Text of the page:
Your life can fall apart in the sound of one gun shot.
Fifteen year old Davey is first confronted with this realization when her father is shot point blank one night at his convenience store. Forced to try and put together the pieces from her crumbling life, her mother decides that it would be best for them to take a long visit out to Alamos, New Mexico, where Davey will ultimately decide if it is time for her to move on.
As always, Judy Blumes writes a hauntingly beautiful and relatable tale of adolescent struggle. Davey as a character is extremely honest, passionate and unstable. She will fly off the handle at a moment’s notice, yet always be there for her crumbling mother and alcoholic best friend. Not only does Blume speak honestly about dealing with grief, she also brings up other major issues of adolescence; alcoholism, sexism, racism and self-esteem are just as prominent throughout this book. Blume tells of these issues with no false pretenses or guard up; in other words, she speaks from the heart .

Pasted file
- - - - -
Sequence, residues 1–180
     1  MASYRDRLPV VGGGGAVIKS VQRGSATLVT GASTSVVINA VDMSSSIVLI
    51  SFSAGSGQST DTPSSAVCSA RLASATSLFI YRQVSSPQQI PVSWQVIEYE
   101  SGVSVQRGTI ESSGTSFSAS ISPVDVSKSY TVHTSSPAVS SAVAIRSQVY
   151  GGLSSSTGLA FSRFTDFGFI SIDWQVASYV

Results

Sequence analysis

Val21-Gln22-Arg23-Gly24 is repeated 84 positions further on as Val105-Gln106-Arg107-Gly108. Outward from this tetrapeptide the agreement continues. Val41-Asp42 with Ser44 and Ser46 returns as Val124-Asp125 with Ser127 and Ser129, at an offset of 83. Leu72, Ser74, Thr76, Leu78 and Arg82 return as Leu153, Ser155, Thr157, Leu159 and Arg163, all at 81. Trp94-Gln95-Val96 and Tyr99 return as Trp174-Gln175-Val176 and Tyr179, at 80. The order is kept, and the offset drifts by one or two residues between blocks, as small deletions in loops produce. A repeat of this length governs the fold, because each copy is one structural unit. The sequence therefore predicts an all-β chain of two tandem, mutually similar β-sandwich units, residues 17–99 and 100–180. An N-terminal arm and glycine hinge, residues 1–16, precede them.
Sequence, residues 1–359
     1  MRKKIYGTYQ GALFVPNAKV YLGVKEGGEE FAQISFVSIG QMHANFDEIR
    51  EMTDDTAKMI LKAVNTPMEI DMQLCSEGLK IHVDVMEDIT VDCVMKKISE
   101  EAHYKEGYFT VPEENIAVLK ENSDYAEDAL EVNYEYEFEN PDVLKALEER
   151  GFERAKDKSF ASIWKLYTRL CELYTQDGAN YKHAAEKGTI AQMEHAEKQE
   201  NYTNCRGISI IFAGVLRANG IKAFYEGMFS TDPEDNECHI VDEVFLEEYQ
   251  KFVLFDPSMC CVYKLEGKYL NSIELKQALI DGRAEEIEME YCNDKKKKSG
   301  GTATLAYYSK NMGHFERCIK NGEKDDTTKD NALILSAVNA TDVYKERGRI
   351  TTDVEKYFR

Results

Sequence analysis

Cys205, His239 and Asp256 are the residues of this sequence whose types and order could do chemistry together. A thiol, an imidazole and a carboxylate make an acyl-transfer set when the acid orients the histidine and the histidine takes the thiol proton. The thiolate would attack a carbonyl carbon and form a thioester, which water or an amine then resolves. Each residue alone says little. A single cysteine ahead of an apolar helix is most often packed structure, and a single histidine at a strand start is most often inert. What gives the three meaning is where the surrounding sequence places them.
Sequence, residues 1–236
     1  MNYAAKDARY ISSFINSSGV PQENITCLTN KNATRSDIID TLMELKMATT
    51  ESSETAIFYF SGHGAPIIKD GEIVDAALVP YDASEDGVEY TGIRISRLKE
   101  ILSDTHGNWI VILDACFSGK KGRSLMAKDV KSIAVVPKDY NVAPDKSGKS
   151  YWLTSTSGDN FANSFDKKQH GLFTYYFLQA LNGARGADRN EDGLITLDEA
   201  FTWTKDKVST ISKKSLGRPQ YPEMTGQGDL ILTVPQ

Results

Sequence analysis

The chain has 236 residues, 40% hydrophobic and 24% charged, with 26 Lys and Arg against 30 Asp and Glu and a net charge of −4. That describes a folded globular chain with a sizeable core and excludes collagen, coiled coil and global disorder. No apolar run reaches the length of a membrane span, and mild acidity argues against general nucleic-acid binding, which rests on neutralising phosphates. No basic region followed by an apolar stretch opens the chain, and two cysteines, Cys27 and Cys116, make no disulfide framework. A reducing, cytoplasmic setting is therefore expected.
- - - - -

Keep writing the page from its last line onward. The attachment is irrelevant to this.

When I read this book, I cried along with Davey. I cared for these characters as deeply as I would my own family and friends, and felt all of their struggles on a deeper level than I could have ever imagined. While I was reading this book, it almost felt as if someone were giving me a warm hug. Judy really found someplace in my heart and spoke to me with a level of understanding I didn’t think adults were even capable of.
Davey’s story is your very own, because her feelings and experiences are universal. Read this book—-I can almost guarantee that you will come out with a different point of view.
I know I certainly did.